Both FDA studies suggested the drug increased the likelihood of
''suicide-related events'' such as suicidal thoughts or actions.
Last summer, the FDA advised doctors not to use Paxil to treat
depression in children. The British equivalent of the FDA went
further, warning against the pediatric use of all SSRIs except
Congress held hearings on the issue last week, and an FDA
committee is scheduled to meet Monday to consider issuing sterner
warnings about the risks SSRIs may pose to children.
Meanwhile, as the public debate drags on, many doctors worry that
parents will be scared away from seeking treatment for troubled kids
-- an outcome that could lead to ''more deaths and more problems
from not treating all those kids,'' said Dr. Suzanne Vogel-Scibilia,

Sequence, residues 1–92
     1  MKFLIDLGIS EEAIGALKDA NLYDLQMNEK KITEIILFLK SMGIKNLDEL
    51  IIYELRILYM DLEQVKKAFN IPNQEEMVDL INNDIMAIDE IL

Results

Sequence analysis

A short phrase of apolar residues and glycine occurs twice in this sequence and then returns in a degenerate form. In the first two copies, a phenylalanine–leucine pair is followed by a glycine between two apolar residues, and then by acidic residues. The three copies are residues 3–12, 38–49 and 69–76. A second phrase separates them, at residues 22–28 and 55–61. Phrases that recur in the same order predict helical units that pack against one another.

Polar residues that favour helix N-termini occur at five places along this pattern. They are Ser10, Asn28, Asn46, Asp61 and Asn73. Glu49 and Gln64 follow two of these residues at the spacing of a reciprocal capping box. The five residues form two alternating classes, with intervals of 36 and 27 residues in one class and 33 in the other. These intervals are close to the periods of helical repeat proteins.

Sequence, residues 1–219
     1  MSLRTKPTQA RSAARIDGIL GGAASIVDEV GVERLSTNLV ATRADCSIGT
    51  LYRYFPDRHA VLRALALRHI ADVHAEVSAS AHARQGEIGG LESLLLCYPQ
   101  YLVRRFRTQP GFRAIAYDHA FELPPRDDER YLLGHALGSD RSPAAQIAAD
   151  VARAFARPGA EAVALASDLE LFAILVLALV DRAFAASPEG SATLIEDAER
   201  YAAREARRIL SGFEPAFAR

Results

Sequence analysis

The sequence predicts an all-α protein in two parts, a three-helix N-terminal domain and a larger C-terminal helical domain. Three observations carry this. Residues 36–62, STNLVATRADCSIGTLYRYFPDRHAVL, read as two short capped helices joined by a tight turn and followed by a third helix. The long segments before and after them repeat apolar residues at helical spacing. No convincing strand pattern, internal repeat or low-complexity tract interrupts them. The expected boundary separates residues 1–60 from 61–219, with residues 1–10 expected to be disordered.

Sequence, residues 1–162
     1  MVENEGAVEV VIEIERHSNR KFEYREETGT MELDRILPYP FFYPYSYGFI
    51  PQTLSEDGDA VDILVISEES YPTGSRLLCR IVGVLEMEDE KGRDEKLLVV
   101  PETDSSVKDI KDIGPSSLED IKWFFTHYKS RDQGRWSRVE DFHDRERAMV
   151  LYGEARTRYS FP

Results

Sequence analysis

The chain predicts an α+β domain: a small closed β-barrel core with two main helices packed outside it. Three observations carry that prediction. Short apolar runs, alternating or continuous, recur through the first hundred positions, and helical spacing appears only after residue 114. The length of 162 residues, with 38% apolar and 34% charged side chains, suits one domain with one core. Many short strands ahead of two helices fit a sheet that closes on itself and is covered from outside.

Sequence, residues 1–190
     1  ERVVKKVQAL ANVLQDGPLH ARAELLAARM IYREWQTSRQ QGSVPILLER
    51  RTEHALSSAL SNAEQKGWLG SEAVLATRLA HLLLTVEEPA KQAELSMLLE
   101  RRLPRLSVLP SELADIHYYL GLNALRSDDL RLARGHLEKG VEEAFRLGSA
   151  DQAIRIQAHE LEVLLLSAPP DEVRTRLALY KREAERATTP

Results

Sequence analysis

a psychiatrist on the board of the nonprofit National Alliance for
the Mentally Ill.
Vogel-Scibilia said the SSRI Zoloft helped lift her own son out
''He was sad, he was irritable, he was crying, he wasn't doing
well in school, he didn't want to go out and play, he wasn't
sleeping,'' she said. ``He started on the medicine and he got better
. . . He was wanting to do things, he was doing better in school, he
was back to his old self.''
Stories like those abound, and studies suggest the combination of
talk therapy and drugs may be the best way to treat depression in
Dr. Jon Shaw, chief of child and adolescent psychiatry at the
University of Miami medical school, cautioned against taking extreme
positions on the issue: advocating SSRIs as a panacea on the one
hand, or condemning them as useless killers on the other.
''There's a danger in jumping to conclusions,'' Shaw said. ``It's
a complicated problem, and there's still a search for truth.''